At 33 days, America is experiencing its longest government shutdown in history. Nearly 800,000 federal employees are furloughed without pay of which nearly 400,000 workers are being forced to report to work without pay. Under the unwise leadership of President Donald Trump, Congresswoman Kamala Harris may seem like the lesser of two evils but we must ask ourselves, “is she really the best we can do?”

Eager for more diverse representation we must ask ourselves, “has she truly represented the rights of diverse persons?”

In heated response to the NYT article Vox.com ran a pro Kamala Harris article reporting on her speech at her alma matter, Howard University.

https://www.vox.com/2019/1/21/18191864/kamala-harris-2020-criminal-justice

A young black female student voiced her support, She’s evolved.

Why is evolution a privilege of the elite whereas there are hundreds of men convicted by Harris still haunted by their choices unlike Harris who was never held accountable for her unlawful decision to withhold evidence. We have to stop with the discriminant forgiveness and hold everyone equally accountable to their past while equally granting everyone clemency for their future.

In conclusion, does she get my vote,

no.

If I’m forced between two characters with an equally malicious past and I must gamble on the trajectories of their futures does she then get my vote…

maybe.

Pseudo-Violence Post HipHop Democracy

The recent federal indictment of young rap artist, Takashi69  demonstrates the glorification of the violence subsequently produced by extreme urban poverty. The narrative of Takashi69 counter parallels the traditional life trajectory of rap artists that typically employ the creativity of rap lyrics to express the struggles of urban poverty whereas Takashi69 increasingly employed gang association and violence to validate the imaginary persona created by his rap lyrics.

This level of psuedo street violence is not a novel  phenomenon. Several rap artists such as Grammy award winners Drake and Rick Ross have been scrutinized for the cultural appropriation of Black poverty. When rappers profit off  lyrics that falsely reflect a life of urban poverty unlived, they highlight the reward of crime while silencing the risk of incarceration.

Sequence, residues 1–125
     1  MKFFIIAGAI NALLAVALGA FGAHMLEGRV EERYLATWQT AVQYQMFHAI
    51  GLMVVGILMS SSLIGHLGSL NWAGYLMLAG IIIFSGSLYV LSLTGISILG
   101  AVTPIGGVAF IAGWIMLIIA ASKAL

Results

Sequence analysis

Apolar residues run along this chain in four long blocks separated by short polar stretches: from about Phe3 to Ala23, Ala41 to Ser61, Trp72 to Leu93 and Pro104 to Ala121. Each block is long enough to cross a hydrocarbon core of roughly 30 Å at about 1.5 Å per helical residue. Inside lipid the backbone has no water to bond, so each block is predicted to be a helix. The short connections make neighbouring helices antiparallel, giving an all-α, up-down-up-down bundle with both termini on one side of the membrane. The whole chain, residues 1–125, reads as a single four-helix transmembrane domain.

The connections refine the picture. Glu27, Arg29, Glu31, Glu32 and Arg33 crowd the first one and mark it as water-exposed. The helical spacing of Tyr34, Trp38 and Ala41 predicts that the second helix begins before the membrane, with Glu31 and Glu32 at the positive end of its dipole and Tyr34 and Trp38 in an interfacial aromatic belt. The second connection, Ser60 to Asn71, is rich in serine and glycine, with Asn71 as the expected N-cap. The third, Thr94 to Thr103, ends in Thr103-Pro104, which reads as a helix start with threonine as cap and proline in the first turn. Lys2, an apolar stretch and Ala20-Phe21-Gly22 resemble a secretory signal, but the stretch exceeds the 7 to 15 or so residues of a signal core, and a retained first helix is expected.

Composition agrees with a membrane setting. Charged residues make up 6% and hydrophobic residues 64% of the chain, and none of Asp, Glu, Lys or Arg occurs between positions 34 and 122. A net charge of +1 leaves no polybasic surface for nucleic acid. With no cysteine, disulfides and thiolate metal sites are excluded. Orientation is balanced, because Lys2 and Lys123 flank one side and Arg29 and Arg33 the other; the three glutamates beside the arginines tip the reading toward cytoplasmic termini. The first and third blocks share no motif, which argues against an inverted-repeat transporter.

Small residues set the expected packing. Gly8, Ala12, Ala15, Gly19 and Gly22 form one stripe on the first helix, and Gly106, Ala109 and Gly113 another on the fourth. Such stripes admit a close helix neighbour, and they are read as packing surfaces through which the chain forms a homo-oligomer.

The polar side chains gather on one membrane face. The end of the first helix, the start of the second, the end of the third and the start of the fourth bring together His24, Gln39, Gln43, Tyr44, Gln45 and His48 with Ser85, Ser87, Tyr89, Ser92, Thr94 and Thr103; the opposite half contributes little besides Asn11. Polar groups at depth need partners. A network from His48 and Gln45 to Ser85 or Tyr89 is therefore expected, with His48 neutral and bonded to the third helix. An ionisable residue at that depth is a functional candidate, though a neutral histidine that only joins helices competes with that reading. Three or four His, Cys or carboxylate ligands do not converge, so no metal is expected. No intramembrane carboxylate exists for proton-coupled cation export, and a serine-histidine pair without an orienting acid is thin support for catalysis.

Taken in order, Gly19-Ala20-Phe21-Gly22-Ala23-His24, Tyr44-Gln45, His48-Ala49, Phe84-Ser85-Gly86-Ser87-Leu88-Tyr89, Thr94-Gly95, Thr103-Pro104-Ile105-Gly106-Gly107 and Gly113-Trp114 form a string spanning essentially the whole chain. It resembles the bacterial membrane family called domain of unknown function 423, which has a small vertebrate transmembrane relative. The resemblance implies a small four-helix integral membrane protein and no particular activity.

On the surface level and on a deeper level Takashi69 is no different than Meek Mill. Meek Mill now 31 years old is nearly a decade older than Tekashi 22. Both men have been impacted by urban poverty and crime, one is at the pre-trial stage and the other is post-conviction. On the surface (media level) and deeply (human) level the two men are the same and inherently worthy of the same advocacy. However, on an intermediate level, the two are dissimilar.

As an organization we work tirelessly to break the tiny box(es) our clients are placed into. When celebrity individuals voluntarily draw an imaginary box then place themselves into the box  it undermines the credibility of those that make survival decisions out of necessity v.s. economic exploitation. I am compassionate regarding circumstantial violence but am admittedly judgmental against violence for sport. Sport violence, particularly urban sport violence that evokes the long term depression of minority men for the short term euphoria of wealthy men is the abusive employment of human vulnerability.

In retrospect, hurt people, hurt, people. Daniel testifies that his Dad was murdered and being raised by a single mother in Bushwick, Brooklyn negatively affected him. To believe in prison abolition is to believe everyone is legitimately hurting and thus worthy and capable of healing.

Takashi69 bothers me because I perceive him as divesting compassion, attention, energy, resources from truly disenfranchised system impacted persons to himself, someone who strategically designed and pursued street credibility with the aim of appearing system impacted. Nonetheless, Takashi69, being held without bail is equally worthy of sentiment. His alleged actions (robbery, assault, gang affiliation) do not validate remand. Takashi is being ultra-punished for using his personal wealth to bring public glory to system impacted urban Black men.

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Takashi69 is a personal growth opportunity. All actions from petty theft to serial murder are worthy of forgiveness. In working through my disappointment I can move on to establishing new expectations of post release rehabilitation configured in fresh hope.